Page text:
I currently use Sibelius and Gigastudio, and would like to begin incorporating some synth instruments in composing. From what I can gather, most people are using some sort of VST like Atmosphere to generate these sounds.
Could someone please tell me how this works? I use a reverb VST within Gigastudio, but that just applies an effect to the .gig instrument. Do synth VSTs do the same thing, or do they contain their own synth instruments... and if they include their own instruments, how would you control them? It seems like only a .gig file will load into a specific channel.
If someone could please explain the process and suggest some synth libraries or VSTs, I would greatly appreciate it.
When people mention VSTs, there are really two categories:
- VST (virtual effects)
- VSTi (virtual instruments)
GigaStudio currently only supports VSTs (effects), and there is no stated timetable for VSTi support.
"Virtual Instruments" are actually created for a number of different platforms:
- VST, VSTi (Steinberg, on PC or Mac; really the defacto standard)
- DX,DXi (Microsoft, supported on PC for Cakewalk)
- MAS (for MOTU, Mac)
- RTAS (ProTools, Mac and PC)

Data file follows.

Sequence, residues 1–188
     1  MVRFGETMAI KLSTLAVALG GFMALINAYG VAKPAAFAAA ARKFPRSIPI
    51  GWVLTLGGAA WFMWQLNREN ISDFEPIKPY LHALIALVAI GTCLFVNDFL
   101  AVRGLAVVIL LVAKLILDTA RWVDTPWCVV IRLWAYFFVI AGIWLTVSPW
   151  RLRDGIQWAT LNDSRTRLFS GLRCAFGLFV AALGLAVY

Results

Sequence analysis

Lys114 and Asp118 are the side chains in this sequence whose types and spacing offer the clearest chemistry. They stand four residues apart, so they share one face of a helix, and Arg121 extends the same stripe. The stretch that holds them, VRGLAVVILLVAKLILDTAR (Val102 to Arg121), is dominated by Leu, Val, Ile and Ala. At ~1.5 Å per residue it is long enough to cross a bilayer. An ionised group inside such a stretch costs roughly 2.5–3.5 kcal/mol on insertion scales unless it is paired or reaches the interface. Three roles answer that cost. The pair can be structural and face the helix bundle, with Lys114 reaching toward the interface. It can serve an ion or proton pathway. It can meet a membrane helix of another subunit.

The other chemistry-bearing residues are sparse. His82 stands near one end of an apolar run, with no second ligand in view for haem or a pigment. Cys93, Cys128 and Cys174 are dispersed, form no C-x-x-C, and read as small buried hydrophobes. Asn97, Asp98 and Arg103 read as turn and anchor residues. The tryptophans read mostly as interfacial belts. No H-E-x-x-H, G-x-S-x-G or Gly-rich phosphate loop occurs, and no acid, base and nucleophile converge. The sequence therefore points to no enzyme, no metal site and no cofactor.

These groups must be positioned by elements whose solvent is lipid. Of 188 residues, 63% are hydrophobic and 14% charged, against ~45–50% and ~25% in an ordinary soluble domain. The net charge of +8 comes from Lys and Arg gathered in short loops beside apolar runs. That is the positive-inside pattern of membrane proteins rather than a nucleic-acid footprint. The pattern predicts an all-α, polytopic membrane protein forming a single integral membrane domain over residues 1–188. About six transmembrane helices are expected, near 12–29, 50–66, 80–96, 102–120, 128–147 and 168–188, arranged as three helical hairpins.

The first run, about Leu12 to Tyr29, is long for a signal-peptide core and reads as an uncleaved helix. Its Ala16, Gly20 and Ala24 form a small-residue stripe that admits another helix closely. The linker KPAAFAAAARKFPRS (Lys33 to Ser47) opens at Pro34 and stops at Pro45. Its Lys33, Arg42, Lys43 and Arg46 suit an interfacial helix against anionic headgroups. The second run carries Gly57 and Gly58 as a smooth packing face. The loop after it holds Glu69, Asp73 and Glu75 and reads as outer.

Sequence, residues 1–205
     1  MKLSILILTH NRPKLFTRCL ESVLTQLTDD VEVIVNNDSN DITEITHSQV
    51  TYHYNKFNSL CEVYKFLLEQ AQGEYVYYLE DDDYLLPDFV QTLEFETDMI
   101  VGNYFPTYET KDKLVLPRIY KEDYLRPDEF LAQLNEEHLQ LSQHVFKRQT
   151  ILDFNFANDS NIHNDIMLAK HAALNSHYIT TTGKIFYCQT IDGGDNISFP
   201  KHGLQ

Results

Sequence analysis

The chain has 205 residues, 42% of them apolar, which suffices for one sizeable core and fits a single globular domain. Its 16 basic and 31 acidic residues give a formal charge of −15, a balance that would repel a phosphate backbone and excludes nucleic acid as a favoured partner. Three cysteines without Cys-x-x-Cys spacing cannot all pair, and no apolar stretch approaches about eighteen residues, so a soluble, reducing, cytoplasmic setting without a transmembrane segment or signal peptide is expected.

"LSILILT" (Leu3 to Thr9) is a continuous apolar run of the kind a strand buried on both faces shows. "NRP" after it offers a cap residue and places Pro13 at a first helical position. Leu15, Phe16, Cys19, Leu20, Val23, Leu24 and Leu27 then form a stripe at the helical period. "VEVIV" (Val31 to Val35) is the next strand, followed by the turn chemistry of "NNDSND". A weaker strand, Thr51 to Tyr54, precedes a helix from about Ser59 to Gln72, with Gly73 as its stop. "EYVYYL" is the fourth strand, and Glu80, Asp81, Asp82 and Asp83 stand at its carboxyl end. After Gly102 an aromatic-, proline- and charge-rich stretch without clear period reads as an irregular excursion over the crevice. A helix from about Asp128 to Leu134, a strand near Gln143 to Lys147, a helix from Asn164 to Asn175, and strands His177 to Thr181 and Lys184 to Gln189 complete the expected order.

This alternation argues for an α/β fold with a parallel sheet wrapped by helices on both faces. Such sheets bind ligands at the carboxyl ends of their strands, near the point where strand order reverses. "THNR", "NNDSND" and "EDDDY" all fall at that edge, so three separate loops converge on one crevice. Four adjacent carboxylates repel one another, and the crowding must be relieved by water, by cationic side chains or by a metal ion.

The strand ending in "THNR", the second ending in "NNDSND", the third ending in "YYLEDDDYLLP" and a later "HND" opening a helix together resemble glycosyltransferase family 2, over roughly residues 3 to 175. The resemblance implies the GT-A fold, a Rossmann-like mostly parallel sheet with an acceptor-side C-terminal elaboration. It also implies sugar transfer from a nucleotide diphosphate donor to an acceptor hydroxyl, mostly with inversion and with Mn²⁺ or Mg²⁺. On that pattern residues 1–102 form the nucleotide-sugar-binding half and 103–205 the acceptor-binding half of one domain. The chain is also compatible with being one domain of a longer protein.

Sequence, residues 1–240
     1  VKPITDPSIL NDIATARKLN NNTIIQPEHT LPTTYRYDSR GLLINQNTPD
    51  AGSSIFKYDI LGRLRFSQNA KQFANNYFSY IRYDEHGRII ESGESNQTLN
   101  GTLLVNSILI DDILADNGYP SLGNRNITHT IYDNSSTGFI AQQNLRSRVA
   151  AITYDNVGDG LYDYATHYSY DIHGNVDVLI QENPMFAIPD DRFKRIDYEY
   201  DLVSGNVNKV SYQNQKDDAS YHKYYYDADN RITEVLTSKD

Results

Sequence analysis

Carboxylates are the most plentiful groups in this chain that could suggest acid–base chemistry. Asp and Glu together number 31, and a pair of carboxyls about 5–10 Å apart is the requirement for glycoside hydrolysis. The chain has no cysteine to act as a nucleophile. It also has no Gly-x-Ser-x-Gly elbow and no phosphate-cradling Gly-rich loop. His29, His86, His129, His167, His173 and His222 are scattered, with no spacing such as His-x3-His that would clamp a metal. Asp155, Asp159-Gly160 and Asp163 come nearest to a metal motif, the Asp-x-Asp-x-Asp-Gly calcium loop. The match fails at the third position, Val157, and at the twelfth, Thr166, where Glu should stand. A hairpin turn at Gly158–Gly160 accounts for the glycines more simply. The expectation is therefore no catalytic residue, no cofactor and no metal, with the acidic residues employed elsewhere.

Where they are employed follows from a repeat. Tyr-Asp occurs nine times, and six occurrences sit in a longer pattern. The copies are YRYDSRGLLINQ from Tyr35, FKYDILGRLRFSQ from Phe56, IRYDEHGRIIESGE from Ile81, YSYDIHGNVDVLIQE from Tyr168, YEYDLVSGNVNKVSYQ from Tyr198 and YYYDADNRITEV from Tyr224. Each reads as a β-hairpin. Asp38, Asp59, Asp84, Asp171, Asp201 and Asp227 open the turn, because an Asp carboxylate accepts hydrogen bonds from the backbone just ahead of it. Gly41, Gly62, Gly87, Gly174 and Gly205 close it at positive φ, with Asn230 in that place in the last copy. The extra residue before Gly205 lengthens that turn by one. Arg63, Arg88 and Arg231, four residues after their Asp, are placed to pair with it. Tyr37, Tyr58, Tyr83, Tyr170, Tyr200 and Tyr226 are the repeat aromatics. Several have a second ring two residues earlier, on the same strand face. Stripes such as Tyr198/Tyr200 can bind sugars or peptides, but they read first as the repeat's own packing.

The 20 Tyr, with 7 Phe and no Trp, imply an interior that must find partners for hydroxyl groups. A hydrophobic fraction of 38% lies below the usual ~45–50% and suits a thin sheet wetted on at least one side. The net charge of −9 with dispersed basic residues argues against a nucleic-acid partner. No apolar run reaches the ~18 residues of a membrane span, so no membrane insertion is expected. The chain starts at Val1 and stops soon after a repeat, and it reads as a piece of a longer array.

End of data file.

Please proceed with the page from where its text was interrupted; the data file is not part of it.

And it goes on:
- AU (Audio Units, a new Mac standard)
Many people use these "instruments" with sequencer/digital audio recording programs like Sonar, Cubase, DP4, and ProTools. In these applications one can create "midi tracks", then "insert" the virtual instrument into the track. What this really means is the instrument can be assigned to a midi track, causing the midi data to be routed to that instrument, where audio is generated.
Finally, there are some programs that just provide a "host" (shell) for running VSTs. I am not very familiar with these at all, but one example is Brainspawn Forte: http://www.brainspawn.com/products/forte/
It depends on what you want to do. There are three basic approaches to composing on the computer:
1) Use Sibelius or Finale and write the notes in. This creates great notation, and allows you to "see the notes and harmonies" well. The end music will generally sound mechanical.
2) Use a sequencer to record yourself as you play the music in. You can then massage the notes, draw expression curves, edit the velocities and so on. If you are good at playing live, or good at editing the piano roll with a mouse, the results can sound very human and real.
3) Use Sibelius or Finale for the composition. Export the midi file to the sequencer. Add the expression curves and edit in other humanization tricks.
I've done each of the above. These days I go with 2 or 3.
The instrument sounds are a separate question. You can go with GPO, or GigaStudio or EWQLSO or Kontakt or a bunch of other samplers, synths or sound modules. You can use any of these with Sibelius, Finale or your sequencer of choice (Sonar, Cubase, Logic...).